Developer sues city for denying apartments

After plans to bring nearly 100 apartment units to Highland Village were rejected by the city, the developer of The District of Highland Village is taking the fight to a judge.

Highland Village-based HHSG, LLC, is suing the city in federal court on grounds that city leaders had already designated the property at FM 407 and Briarhill Boulevard as a Transit Oriented Development with the expectation that high-density, multi-family development would be approved.

The lawsuit further states that the city’s rejection of apartments is in violation of the Fair Housing Act because it discriminates against minorities.

The original approved plans for The District of Highland Village involved a mix of office and retail space with 73 single-family attached townhomes. After the real estate market tanked in 2008, the same year that the project first broke ground, demand for the townhomes plummeted.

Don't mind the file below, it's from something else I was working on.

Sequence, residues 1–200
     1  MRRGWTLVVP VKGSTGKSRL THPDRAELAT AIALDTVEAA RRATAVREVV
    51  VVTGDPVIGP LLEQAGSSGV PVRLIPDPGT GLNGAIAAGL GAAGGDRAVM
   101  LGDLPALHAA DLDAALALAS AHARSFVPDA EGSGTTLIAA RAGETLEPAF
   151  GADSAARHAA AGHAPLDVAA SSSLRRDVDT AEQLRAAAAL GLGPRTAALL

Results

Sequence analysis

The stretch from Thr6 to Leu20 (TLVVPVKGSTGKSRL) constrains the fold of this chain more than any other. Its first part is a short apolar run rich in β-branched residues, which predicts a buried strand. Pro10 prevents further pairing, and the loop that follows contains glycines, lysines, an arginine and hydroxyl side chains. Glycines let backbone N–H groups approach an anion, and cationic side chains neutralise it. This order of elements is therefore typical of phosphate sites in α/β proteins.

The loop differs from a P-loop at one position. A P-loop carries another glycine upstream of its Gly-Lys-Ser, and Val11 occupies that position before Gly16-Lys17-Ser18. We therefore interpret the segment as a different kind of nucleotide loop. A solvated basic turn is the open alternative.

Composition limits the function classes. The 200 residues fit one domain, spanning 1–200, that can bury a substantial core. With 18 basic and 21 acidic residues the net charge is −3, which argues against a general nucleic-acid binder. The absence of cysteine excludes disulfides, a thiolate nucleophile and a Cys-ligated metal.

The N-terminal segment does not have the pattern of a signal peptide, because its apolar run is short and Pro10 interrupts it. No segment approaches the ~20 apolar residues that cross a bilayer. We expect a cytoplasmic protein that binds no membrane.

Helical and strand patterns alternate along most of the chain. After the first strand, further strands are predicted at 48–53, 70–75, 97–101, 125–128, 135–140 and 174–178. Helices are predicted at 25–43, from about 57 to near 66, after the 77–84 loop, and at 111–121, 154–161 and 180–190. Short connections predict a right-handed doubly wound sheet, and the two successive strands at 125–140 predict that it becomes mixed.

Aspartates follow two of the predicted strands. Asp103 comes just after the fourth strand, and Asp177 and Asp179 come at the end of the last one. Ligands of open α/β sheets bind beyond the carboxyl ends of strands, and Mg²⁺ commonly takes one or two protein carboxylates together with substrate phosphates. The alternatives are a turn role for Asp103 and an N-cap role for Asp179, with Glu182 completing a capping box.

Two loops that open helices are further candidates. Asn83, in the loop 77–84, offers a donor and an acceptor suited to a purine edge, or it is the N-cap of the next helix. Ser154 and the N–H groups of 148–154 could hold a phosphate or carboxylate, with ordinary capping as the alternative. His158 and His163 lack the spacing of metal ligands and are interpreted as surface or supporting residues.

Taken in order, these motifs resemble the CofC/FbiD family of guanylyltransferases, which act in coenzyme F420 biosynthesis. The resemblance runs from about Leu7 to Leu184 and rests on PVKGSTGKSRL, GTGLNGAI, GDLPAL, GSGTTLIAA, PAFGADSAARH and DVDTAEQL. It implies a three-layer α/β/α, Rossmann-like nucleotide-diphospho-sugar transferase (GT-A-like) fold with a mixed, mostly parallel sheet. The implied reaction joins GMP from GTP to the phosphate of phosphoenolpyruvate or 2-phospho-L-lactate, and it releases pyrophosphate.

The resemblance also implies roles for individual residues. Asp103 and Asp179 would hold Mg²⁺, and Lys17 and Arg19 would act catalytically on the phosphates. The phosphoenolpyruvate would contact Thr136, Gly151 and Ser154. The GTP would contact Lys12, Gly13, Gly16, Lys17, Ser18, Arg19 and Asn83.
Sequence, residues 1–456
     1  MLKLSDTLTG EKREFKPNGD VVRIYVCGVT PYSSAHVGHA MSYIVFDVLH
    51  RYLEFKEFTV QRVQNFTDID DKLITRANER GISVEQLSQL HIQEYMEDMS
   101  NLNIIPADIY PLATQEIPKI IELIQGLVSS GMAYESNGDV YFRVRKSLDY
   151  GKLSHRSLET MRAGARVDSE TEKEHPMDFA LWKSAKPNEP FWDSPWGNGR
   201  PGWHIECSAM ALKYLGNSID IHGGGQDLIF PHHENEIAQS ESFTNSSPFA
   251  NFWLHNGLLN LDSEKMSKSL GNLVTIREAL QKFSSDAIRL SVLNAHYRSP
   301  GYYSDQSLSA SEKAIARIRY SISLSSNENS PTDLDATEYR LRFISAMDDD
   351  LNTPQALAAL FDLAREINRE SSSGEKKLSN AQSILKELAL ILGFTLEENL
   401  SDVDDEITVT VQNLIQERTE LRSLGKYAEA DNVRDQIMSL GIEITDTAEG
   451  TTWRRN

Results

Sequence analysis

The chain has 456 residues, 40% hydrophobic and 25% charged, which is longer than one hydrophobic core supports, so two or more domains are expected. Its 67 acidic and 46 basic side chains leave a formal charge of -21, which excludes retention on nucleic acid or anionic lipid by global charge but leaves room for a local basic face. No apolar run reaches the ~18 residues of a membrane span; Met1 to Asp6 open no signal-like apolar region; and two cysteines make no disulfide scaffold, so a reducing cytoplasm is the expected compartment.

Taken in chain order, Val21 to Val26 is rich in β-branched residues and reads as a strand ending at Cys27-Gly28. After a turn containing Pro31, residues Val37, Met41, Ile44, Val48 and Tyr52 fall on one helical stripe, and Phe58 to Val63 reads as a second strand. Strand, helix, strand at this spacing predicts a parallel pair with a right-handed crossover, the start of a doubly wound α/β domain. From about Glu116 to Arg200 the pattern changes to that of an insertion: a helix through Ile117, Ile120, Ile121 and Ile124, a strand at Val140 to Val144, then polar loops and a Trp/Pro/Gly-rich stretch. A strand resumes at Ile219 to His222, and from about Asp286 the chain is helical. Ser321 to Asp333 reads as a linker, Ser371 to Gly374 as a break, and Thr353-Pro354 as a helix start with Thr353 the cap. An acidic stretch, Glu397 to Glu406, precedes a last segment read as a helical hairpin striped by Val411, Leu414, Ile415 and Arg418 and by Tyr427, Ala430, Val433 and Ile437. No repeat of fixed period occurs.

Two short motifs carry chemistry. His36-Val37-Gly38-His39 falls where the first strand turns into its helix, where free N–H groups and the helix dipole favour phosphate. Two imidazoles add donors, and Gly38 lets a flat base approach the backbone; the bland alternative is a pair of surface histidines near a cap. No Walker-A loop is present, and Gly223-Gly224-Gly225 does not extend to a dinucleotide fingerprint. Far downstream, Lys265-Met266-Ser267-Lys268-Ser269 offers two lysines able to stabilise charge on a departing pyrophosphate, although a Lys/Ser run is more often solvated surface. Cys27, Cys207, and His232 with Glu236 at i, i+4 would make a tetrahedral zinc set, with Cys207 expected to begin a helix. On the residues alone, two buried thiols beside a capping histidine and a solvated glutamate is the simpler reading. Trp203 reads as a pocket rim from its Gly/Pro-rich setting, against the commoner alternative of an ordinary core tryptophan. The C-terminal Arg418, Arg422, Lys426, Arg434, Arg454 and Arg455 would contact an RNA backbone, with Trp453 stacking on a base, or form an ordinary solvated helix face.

According to the lawsuit, only one of the first twelve brownstones completed in 2010 was sold. Of the remaining 11 townhomes, 10 were rented out within a four-week span.

For most of the past year, HHSG, LLC officials have been trying to convince the Planning and Zoning Commission to amend approximately 6 acres of the 15 acre development’s plan to allow for apartments instead of townhomes.

The last plan presented to the city included 98 multi-family units in two-story buildings with a minimum apartment size of 750 square feet.

After being denied by the P & Z board over density, parking, school crowding, traffic, and compliance concerns, the developer tweaked the plans and made a final unsuccessful attempt to win its zoning amendment application at the City Council meeting on August 8. 

“We believe that the purported reasons for the denial were contrived and pretextual as outlined in the complaint,” said Dugan Kelley, an attorney with Christman Kelley & Clarke.

If approved, the development would have been the first apartment complex in the city.

HHSG, LLC is seeking actual and punitive damages. City officials could not comment on pending litigation.

See a copy of the lawsuit here.

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